• Going from the staging area to the building site in an existing town with a modular house can be an adventure. We have a special subcontractor for that.
• “Lift off” is that moment when your heart's in your throat with a modular house in the air and destined to go between two existing houses.
• The smallest cottages have porches built with the house in the factory. Larger houses have site-built porches.
• This presentation is mainly about the building types I'm not allowed to build.
• My idea for this new type began with English leasehold from the Middle Ages.
• Today, the threshold of an urban development is to have a pro forma that's better than surface parking.
• Here’s the core question: How do you get the price down so low you don't need a public-private partnership for an urban infill?
• You can get tremendous variation along a street just by making the boxes a little larger or smaller than the ones next door.
• Our tiny incremental $300,000 building in New Haven has 6 tiny units & flex space on street… and still, the landowner elected to keep his surface parking!
• My day job is to work for a luxury apartment developer. At night, I do townhousecenter.org.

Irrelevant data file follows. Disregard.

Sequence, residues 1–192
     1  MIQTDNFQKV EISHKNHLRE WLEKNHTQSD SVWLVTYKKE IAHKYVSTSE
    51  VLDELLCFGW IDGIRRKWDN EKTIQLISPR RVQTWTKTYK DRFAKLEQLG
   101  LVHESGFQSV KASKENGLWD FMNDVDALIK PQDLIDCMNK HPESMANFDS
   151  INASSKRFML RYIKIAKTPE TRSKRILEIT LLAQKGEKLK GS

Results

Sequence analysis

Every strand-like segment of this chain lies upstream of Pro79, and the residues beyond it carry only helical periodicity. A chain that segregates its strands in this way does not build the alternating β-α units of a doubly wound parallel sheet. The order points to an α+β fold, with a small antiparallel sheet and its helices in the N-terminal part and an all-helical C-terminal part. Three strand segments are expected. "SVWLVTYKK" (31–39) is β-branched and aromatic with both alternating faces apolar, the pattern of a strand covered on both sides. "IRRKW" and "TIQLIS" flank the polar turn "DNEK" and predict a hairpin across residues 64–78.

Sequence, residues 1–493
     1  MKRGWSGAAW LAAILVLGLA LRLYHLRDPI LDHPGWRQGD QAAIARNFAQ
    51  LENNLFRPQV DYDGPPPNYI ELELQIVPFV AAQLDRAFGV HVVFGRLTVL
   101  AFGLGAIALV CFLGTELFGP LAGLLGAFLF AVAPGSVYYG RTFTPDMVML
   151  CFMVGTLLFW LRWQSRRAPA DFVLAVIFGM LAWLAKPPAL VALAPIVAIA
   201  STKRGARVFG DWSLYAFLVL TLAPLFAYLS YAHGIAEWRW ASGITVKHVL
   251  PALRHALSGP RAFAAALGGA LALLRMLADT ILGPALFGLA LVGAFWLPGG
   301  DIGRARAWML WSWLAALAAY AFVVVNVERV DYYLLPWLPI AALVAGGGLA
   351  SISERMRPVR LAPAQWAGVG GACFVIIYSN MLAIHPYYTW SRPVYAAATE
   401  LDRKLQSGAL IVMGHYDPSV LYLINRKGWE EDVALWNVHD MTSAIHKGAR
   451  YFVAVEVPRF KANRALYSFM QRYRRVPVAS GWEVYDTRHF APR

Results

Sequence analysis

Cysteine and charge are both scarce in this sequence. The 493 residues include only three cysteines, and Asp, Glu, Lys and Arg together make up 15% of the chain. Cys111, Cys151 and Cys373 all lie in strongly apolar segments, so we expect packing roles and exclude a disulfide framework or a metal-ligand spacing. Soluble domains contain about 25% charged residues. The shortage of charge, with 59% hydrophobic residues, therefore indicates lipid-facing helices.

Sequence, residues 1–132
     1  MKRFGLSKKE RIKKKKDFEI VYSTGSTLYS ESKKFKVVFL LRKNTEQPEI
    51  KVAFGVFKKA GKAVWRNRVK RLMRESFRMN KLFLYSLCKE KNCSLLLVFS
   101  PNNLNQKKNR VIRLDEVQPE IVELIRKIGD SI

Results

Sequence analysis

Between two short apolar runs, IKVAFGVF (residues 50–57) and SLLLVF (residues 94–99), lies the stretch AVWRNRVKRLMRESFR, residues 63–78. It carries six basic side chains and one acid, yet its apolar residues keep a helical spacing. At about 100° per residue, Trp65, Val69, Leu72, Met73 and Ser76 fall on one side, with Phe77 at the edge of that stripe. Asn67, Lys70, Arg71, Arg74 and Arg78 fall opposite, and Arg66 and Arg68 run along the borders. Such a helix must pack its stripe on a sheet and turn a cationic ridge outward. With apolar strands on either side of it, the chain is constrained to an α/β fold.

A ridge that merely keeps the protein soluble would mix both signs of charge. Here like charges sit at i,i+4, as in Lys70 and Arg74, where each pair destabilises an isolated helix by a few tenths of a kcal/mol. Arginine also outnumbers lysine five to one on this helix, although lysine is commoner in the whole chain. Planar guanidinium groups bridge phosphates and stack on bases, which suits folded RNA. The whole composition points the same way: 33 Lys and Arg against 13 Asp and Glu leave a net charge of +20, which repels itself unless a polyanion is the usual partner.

• T4 didn't really exist before Miami21. It now applies to about 1,000 acres in the city.
• If we can figure out T4 in Miami, we can build quite a lot of it as successional upzoning occurs.
• We designed a 25' wide row house type to fit two abreast on Miami’s typical 50’ lots.
• Our Miami townhouse type doesn't have parking. Miami21 requires 1.5 spaces/unit, which is a problem.
• We're working on an exemption to off-street parking for small buildings near transit in Miami.
I will write up my presentation and post it sometime soon.
• Roughly ⅔ of the buildings once existing in New England have been torn down.
• It is interesting that parking is considered part of the burden of the lot rather than part of transport system.
• Someone should initiate a parking credit for blocks with Zipcars.
• The key to the best new building types is funding that doesn't require Wall Street.
• The biggest problems with live-works are fire codes & finance.
• CNU is working with the FHA to get the allowable percentage of work area in live/works increased.
• Working at home should be a basic human right.